Incandescent
If you have incandescent lights around, you’ll notice a tungsten filament inside the bulb that heats up to produce the desired light. The heated filament (around 4,000 degrees Fahrenheit) produces a warm, yellowish light.

Standard
Standard incandescent lights are very similar to the ones invented by Thomas Edison in the 1800s. Yet they are far from efficient, only converting around 5-10% of the energy they consume into light. The remaining 90% of the energy gets lost to heat. This may feel like an OK trade-off in the winter when you want heat in your home, but in the summer, your air conditioner will have work harder to dissipate the extra heat.

Halogen
Halogen lights still use a tungsten filament, but it is surrounded by a small amount of halogen gas (contained in a quartz capsule). This allows the heat to be used more efficiently, producing a more whitish glow than standard incandescent bulbs. If you like the glow of incandescent lights but want a more energy-efficient bulb, consider halogen lights. They work great for task and accent lighting.

Fluorescent
If you have any fluorescent lights in your home, they are probably in the garage or laundry room. You can recognize them easily by the long glass tube that houses the electric current and the distinctive buzzing sound they make when switched on.

While older fluorescent lights are known for humming and flickering, modern fluorescent lights can get rid of these unwanted inconsistencies. Depending on which type of fluorescent light you have and how it was installed, they can last anywhere from 5,000 to 25,000 hours and output 2-10 times as much light per watt as an incandescent light.

While fluorescent lights can create nice, warm color tones, keep in mind that they contain small amounts of mercury and should NEVER be thrown away in the trash. They are also very fragile and have been known to break easily.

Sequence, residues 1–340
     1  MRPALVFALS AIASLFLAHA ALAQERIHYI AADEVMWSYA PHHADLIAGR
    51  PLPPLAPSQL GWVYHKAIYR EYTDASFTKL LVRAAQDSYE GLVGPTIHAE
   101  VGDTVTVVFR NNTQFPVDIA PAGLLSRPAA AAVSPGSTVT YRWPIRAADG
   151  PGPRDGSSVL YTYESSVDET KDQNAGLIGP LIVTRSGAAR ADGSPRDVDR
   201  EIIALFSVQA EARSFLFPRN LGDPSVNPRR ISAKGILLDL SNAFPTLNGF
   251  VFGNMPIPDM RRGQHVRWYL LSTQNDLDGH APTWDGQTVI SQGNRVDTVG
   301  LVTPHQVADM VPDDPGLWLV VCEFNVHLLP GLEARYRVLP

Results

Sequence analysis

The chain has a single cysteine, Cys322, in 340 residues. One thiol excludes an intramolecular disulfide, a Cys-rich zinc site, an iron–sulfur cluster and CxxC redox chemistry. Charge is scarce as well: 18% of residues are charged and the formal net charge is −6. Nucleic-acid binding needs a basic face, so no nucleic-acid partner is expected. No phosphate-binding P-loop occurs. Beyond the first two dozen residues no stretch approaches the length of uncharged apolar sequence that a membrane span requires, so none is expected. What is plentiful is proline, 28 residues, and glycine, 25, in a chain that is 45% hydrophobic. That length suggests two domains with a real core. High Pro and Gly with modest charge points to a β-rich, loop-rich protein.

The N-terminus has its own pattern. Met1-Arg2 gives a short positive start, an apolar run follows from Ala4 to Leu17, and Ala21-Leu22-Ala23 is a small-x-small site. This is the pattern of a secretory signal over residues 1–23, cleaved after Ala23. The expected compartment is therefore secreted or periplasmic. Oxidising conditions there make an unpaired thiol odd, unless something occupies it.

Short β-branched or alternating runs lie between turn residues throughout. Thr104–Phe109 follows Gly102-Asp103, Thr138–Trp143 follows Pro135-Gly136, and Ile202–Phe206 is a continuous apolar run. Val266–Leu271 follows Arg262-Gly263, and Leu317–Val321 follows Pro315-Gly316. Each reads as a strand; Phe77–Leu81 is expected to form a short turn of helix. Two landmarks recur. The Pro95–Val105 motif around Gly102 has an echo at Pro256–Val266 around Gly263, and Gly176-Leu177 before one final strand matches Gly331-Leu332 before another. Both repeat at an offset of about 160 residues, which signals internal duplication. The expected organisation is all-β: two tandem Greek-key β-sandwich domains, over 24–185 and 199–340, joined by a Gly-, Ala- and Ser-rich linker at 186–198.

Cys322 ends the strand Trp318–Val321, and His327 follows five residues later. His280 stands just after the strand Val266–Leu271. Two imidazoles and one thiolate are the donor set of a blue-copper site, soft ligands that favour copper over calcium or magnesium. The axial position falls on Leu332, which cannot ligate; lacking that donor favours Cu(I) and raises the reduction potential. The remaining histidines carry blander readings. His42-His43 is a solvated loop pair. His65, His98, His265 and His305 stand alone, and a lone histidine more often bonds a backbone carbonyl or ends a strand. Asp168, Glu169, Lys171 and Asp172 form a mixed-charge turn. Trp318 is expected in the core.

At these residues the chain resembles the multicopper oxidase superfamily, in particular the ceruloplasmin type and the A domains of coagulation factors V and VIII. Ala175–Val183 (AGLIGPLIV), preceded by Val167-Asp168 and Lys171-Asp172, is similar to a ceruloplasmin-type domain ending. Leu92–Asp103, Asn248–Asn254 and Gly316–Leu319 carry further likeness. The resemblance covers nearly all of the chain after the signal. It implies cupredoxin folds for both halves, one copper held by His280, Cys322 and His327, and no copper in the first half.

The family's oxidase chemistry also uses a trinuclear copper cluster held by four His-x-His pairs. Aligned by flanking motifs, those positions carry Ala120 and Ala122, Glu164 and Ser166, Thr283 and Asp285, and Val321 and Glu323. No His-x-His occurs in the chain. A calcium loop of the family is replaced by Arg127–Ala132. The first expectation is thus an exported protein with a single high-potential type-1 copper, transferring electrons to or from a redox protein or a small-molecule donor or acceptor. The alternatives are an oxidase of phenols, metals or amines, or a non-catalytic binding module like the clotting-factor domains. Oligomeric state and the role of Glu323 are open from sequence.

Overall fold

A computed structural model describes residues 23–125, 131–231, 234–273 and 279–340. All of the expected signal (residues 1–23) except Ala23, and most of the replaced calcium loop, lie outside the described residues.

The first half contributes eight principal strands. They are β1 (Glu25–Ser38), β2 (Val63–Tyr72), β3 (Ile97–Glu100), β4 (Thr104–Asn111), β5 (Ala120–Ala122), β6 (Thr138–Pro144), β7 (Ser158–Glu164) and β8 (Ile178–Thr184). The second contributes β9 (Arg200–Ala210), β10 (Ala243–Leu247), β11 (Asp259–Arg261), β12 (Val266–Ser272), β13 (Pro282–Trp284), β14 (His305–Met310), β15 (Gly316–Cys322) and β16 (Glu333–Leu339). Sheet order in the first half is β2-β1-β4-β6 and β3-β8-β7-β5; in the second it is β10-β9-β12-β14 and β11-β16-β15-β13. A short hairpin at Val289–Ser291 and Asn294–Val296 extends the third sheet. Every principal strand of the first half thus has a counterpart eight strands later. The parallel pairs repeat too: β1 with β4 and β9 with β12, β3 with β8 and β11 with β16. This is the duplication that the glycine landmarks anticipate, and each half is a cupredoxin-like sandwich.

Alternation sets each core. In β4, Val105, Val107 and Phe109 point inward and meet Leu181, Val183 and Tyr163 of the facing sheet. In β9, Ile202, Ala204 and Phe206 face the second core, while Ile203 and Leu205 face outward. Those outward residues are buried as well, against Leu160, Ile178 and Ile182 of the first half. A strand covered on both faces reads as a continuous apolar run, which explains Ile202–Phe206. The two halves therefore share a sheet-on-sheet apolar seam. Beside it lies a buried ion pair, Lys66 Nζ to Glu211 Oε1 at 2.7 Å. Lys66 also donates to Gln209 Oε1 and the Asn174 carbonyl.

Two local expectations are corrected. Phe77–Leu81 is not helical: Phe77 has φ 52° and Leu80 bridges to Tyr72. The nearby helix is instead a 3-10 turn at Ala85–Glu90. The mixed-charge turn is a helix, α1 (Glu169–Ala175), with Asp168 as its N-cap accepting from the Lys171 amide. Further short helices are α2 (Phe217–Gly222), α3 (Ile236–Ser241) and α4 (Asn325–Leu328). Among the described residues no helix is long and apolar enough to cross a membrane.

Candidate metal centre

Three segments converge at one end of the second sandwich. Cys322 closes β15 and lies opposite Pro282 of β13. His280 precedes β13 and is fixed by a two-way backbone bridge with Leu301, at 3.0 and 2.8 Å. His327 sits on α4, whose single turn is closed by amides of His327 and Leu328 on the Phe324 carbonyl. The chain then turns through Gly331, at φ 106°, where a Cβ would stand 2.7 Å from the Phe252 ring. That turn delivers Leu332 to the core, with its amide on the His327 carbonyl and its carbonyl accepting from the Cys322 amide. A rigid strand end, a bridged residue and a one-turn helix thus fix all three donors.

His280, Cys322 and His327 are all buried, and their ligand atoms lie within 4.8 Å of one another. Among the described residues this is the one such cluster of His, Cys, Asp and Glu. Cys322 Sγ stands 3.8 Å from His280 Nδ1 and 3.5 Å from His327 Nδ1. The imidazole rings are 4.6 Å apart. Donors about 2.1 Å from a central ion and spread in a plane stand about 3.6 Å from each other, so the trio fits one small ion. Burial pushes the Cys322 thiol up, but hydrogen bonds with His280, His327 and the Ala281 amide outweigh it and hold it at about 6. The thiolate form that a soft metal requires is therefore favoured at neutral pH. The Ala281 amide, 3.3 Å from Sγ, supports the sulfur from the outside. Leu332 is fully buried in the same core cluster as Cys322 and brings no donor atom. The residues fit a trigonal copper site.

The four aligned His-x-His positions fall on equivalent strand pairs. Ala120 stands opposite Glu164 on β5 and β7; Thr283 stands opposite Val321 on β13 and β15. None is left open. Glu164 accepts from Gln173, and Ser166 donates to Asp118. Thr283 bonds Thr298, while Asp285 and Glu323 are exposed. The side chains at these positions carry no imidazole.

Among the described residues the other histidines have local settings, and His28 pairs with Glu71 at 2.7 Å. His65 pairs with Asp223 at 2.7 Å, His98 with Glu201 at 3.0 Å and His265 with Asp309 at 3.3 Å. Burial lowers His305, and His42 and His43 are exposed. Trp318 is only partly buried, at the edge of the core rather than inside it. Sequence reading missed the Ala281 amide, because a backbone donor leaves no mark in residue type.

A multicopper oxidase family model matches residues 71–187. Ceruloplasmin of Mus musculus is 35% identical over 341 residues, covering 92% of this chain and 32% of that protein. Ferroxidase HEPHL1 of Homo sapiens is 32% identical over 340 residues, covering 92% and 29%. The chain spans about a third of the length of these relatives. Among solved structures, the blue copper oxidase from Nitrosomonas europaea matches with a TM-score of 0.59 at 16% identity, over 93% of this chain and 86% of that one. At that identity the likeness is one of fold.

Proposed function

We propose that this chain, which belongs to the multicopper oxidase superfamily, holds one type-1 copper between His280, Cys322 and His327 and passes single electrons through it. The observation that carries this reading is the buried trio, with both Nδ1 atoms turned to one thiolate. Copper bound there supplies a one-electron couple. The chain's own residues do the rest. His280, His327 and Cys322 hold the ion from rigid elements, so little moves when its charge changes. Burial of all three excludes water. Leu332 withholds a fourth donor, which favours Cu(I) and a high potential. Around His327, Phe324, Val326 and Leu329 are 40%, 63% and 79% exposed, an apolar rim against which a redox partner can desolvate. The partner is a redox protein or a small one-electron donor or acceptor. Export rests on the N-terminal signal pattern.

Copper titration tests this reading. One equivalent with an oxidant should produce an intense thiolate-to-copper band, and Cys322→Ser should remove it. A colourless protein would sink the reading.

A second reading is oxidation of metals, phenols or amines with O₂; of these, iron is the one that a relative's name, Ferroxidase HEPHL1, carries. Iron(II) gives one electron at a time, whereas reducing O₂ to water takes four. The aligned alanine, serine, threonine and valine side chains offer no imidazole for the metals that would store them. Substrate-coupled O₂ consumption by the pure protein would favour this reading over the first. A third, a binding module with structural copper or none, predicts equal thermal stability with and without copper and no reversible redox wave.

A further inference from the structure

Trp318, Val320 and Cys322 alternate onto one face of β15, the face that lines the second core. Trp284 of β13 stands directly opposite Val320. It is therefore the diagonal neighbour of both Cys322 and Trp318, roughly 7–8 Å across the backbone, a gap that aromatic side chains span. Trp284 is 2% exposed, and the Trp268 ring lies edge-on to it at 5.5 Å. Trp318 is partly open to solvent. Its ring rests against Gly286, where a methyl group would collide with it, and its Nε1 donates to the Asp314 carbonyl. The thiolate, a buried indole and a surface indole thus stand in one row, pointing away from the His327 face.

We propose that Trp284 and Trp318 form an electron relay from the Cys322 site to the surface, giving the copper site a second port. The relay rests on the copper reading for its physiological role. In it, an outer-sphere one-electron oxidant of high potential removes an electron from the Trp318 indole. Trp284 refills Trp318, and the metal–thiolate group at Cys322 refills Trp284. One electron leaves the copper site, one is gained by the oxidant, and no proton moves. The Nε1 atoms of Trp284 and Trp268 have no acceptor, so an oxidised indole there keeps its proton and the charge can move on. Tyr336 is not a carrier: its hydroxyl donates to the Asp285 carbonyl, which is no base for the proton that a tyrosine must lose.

Compact Fluorescent
You may have heard of CFLs in the past couple of years when referring to more energy-efficient light bulbs. CFL stands for compact fluorescent lamp (or light).

They were designed to replace standard incandescent lights due to their improved performance, lower costs, longer lifespans, and smaller sizes. Usually, when homeowners and businesses are looking for ways to reduce energy costs and improve the lighting in their indoor spaces, they turn to either CFLs or LEDs since they last longer and offer greater energy savings.

When CFLs first came out, consumers were confused about which CFL to buy since you had to find one that fit the wattage and pin configurations. Recently, however, light bulb manufacturers have improved their designs to give customers more choice and knowledge in selecting CFL replacements.

Light Emitting Diode (LED)
When people normally talk about improving the energy efficiency of their lighting, they are thinking of LEDs. For many years, LEDs were used for exit signs, appliances, and digital displays. Now, they can be used for anything from flashlights to Christmas lights.

If you don’t like replacing your light bulbs, replace them with energy-efficient LEDs. And if you don’t like the whitish color temperature of LEDs, look for warm white LEDs for a warmer glow. LEDs now come in a wide variety of colors, so it shouldn’t be too hard to find one that fits your needs. Phillips Hue is a popular LED option because you can change the color range easily with the same bulb.

Keep in mind that when shopping for LEDs, the wattage will be completely different from what you may be used to with incandescent. Since wattage measures how much energy the light bulb draws and not “brightness,” the replacement LED will have a much lower wattage for an equivalent brightness. Look for lumens and degrees Kelvin to determine light output.

Lumens measure light output.

Kelvin measures the color of the light, or color temperature. The higher the Kelvin number, the cooler the color; a lower Kelvin numbers translates to a warmer color.

Watts are standard units of power of electrical power.